To add to the growing paranoia surrounding our smart devices and control over our seemingly private personal data, a new study published by researchers from the University of Michigan and the University of South Carolina shows that there will always be novel ways of breaking into digital devices. According to their study, researchers were able to gain control of common smart devices simply by aiming certain sounds at them, a method they call acoustic injection:
We characterize two classes of acoustic injection attacks with increasing levels of adversarial control […] To illustrate end-to-end implications, we show how to inject fake steps into a Fitbit with a $5 speaker. In our self-stimulating attack, we play a malicious music file from a smartphone’s speaker to control the on-board MEMS accelerometer trusted by a local app to pilot a toy RC car.
The method involves using common speakers to play certain frequencies which cause common accelerometers to vibrate. These components are what allow many digital devices such as smartphones, drones, or even vacuum cleaners to interface with or receive feedback from their physical environment.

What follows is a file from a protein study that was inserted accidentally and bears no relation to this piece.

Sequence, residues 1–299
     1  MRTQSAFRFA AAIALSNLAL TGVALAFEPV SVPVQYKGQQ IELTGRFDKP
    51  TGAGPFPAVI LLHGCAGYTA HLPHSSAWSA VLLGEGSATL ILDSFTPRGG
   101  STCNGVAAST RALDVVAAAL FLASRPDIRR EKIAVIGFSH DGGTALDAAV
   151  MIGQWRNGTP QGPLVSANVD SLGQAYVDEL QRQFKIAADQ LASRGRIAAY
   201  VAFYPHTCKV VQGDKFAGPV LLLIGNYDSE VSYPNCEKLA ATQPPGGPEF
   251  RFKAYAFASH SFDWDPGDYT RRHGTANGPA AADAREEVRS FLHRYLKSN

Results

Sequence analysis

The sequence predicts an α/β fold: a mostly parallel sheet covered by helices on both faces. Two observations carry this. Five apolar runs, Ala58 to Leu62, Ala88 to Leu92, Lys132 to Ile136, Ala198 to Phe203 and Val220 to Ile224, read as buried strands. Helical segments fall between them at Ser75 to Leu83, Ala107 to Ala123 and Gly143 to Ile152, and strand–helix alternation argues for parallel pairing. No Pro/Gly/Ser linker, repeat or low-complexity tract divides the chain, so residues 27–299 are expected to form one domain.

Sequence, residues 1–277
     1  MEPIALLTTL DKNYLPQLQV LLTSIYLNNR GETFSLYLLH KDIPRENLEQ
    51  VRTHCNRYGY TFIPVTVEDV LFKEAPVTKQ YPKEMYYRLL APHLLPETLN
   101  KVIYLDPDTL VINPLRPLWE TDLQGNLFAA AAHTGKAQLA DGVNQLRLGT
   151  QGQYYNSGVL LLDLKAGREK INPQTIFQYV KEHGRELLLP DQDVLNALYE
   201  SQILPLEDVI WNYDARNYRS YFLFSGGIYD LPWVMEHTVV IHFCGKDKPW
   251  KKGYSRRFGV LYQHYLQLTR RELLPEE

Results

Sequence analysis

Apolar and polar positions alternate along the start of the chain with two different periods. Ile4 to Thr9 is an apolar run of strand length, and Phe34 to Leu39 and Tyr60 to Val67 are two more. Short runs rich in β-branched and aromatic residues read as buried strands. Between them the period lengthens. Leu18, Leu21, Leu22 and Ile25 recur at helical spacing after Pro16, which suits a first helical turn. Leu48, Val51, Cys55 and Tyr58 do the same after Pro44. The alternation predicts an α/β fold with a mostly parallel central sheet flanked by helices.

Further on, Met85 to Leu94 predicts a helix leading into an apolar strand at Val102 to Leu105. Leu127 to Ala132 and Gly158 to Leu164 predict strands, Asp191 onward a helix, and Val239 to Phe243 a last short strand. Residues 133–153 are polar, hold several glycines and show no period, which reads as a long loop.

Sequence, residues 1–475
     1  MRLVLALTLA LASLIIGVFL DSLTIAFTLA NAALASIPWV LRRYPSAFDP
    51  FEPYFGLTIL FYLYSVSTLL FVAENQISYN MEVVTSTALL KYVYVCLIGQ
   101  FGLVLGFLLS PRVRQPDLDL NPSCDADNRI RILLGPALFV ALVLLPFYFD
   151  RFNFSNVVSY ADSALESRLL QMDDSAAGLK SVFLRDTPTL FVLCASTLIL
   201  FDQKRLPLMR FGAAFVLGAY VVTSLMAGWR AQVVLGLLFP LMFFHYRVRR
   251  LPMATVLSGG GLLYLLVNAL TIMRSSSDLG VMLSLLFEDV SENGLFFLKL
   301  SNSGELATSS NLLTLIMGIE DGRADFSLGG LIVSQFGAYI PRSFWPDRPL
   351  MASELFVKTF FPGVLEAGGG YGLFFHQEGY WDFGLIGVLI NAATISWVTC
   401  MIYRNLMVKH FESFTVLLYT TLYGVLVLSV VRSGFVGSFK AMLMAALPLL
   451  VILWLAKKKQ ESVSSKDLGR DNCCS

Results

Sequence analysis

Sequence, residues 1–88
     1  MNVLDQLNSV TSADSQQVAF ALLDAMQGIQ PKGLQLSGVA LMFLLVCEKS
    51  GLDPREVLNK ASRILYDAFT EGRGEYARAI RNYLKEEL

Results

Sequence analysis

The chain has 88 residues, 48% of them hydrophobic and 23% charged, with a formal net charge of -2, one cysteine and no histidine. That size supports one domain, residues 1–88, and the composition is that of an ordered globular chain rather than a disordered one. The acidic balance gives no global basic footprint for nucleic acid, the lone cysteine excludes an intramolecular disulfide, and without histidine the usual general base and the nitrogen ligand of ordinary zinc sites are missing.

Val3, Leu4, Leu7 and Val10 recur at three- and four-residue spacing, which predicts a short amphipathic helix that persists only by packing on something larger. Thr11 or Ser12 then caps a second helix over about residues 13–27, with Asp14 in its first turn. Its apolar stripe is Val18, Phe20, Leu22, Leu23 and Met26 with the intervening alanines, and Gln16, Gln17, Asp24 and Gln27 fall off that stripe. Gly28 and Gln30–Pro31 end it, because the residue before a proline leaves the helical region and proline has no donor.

Tricking these accelerometers, UM computer science PhD candidate Timothy Trippel says, is akin to fooling the human senses:
Humans have sensors, like eyes, ears, and a nose. We trust our senses and we use them to make decisions. If autonomous systems can’t trust their senses, then the security and reliability of those systems will fail.
However, simple tricks like optical illusions show that our senses can’t always be trusted, and computers are now able to fool human ears. Humans can’t always trust our senses; this study shows that the hopes of creating foolproof, logical thinking machines to augment our own sense perception might be in vain.
This research is meant as a warning to electronics manufacturers and consumers alike, although I’m not sure a warning is needed any longer. The current circus that is the American political landscape demonstrates that cybersecurity has become one of the most pressing concerns of modern life. With so many digital skeletons lurking in our browser history closets, none of us can be too careful these days. To that end, hackers and hacktivists alike have been looking for ways to protect the sanctity of our technological privacy, to little avail. The more humanity becomes connected, the more ways there are for those in power to spy on the masses in order to retain their control. It’s inevitable.